If you’ve just welcomed a new kitten into your home, you’ll be happy to hear that, usually, litter training is relatively straightforward. Kittens typically learn good bathroom habits from their mother, and they’re instinctively drawn to soil-like substances that they can bury the ‘evidence’ in. This doesn’t mean you can just sit back and let them get on with it though, you need to be prepared with the right supplies and willing to offer them the guidance they need. Cats are intelligent creatures, so it shouldn’t be long before they’ve got it all figured out.
Basic supplies you'll need
Before your kitten can master their litter training, you’ll need to get your home set up and ready for them with all the necessary supplies:
A full-sized litter box can be intimidating for a little kitten, so start with one that is smaller in size and has low walls they can easily climb over. It’s best to have more than one litter box in your home, especially if you have more than one cat. In fact, a general rule to follow is to have one more litter box than there are cats (so three litter boxes for a household with two cats). Of these, at least one should be kitten-sized while they’re little.
There are a few types of cat litter, including clay litter, which forms clumps when wet for easy disposal, crystal litter, which locks in odour and moisture, and natural eco-friendly litters. As your kitten was probably introduced to some sort of cat litter by their breeder, you may want to find out what it was, so you can offer them some consistency. Remove any soiled litter at least daily and give their litter box a thorough clean each week to maintain good hygiene.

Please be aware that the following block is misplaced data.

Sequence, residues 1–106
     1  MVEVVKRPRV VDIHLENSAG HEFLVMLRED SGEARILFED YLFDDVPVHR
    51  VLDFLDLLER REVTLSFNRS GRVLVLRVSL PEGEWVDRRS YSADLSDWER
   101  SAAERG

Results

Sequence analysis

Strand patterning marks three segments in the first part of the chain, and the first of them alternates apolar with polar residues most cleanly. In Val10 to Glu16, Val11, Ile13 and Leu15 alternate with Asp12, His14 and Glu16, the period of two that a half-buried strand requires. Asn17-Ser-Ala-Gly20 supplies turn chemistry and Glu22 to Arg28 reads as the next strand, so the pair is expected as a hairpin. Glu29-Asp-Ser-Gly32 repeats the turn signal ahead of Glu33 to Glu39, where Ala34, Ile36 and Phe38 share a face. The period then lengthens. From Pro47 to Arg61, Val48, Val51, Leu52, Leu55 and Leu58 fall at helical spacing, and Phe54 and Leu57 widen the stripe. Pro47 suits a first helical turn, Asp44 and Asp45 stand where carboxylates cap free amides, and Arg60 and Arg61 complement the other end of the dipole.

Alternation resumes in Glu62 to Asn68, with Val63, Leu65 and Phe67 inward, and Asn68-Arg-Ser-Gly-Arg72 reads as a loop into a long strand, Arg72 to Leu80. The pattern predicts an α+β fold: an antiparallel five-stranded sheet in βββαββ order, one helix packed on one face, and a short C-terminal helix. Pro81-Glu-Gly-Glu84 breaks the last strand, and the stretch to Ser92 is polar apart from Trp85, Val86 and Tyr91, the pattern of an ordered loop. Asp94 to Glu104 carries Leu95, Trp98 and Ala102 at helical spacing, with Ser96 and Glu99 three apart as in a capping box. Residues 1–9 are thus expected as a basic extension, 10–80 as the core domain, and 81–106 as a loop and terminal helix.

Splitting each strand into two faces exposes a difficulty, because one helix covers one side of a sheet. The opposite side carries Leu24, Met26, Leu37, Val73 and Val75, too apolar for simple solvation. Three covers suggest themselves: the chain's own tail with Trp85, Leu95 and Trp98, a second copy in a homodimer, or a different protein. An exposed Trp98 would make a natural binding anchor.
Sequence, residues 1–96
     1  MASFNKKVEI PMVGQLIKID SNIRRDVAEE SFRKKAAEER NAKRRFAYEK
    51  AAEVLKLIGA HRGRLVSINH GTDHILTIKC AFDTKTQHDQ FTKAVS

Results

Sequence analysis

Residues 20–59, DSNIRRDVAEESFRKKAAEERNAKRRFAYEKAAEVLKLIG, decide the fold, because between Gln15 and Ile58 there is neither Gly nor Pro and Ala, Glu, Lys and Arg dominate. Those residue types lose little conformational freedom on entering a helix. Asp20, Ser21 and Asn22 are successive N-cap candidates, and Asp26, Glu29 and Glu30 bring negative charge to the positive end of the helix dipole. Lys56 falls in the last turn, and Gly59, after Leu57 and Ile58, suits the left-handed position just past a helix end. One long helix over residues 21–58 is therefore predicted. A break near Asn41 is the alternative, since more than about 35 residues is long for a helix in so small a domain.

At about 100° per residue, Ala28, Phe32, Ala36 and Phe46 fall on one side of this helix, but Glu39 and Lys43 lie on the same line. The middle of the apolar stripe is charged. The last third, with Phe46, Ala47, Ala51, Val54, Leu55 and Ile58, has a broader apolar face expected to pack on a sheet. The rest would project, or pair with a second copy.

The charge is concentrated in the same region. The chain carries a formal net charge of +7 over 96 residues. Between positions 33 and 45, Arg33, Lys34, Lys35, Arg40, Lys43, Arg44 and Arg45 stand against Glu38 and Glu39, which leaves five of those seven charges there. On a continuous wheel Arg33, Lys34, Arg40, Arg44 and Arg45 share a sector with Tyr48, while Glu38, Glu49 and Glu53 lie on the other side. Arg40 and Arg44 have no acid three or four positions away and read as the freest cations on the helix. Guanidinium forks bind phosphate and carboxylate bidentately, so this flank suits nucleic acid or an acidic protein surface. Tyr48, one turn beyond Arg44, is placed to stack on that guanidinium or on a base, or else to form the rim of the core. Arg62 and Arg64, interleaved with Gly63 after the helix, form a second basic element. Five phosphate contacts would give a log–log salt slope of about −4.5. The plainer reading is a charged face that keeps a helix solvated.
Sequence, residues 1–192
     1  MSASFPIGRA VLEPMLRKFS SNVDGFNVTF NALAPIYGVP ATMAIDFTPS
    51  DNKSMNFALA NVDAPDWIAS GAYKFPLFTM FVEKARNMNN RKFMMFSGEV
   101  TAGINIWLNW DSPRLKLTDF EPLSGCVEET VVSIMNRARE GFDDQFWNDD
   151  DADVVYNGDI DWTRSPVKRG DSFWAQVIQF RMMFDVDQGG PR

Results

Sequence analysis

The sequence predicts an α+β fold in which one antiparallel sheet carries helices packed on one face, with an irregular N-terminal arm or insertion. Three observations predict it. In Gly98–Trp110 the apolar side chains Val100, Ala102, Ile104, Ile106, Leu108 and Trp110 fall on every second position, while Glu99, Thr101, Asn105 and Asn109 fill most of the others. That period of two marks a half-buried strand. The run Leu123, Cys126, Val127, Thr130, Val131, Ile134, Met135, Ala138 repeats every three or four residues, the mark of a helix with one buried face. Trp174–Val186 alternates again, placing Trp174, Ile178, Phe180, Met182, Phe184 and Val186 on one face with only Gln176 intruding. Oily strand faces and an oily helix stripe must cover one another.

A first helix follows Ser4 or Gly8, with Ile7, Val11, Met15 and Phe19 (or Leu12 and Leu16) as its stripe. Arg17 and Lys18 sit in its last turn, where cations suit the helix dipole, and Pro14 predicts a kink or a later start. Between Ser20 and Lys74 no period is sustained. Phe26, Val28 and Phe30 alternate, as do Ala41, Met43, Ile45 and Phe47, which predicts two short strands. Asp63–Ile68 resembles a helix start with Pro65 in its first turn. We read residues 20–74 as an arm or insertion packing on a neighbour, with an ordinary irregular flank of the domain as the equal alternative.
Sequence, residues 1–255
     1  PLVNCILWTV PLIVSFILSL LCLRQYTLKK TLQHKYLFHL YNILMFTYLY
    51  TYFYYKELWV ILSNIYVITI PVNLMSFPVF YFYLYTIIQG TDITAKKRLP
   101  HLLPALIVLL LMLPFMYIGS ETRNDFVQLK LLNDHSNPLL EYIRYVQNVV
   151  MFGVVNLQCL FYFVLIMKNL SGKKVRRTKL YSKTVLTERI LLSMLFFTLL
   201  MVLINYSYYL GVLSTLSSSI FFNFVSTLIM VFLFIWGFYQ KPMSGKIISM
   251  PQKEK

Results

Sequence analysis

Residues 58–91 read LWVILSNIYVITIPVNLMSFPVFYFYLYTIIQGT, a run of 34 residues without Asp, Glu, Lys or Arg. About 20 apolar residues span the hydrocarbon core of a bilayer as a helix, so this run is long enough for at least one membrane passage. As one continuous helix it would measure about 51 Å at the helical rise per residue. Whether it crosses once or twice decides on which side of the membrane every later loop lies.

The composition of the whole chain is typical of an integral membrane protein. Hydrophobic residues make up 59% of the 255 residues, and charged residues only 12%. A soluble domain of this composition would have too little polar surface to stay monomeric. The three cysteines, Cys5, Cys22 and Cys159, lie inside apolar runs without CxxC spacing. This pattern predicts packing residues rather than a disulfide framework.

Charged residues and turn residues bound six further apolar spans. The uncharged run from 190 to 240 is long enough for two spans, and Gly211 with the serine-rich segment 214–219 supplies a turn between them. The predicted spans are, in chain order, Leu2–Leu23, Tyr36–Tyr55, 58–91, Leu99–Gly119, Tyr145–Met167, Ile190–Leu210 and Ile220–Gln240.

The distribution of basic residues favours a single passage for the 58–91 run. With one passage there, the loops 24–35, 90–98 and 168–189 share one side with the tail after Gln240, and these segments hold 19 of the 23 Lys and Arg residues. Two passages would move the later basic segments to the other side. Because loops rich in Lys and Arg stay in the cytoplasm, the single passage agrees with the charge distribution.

Rewarding your kitten when they use their litter tray can be a really valuable litter training technique, as it helps them to associate it with positive experiences. You can reward them by feeding them kitten treats, offering lots of praise, and by presenting them with their favourite toy to play with.
How to litter train your kitten
The earlier you start litter training your kitten, the better. You can begin this training from around 4 weeks old or whenever you bring your kitten home. By following a few simple steps, you should have it covered.
Create a designated space for them
The most important rule when it comes to finding a home for your cat’s litter box, is to position it far away from their food and water bowls, as well as their bedding. Cats don’t like to soil where they feed or sleep and may refuse to use the litter box if it its placed too close by. If you have more than one litter box, place them in different locations around your home, such as one on each floor. Choose spots that can be easily accessed, while also offering an element of privacy (without pinning them into a corner). Noisy areas or those with lots of traffic (people or pets) can feel distracting or even unsafe to a cat when they’re trying to do their business. In multiple cat households, ensure that all cats can access the litter boxes.
Introduce them to the litter box
Once you’ve decided where the litter boxes will live, show your kitten where each of them is located and let them have a good sniff. Going forward, you should physically place them in one of their litter boxes after all meals, playtime, and naps, or if you notice them behaving like they need the toilet (sniffing, crouching, etc.). This will help to build an association between their litter box and needing the toilet.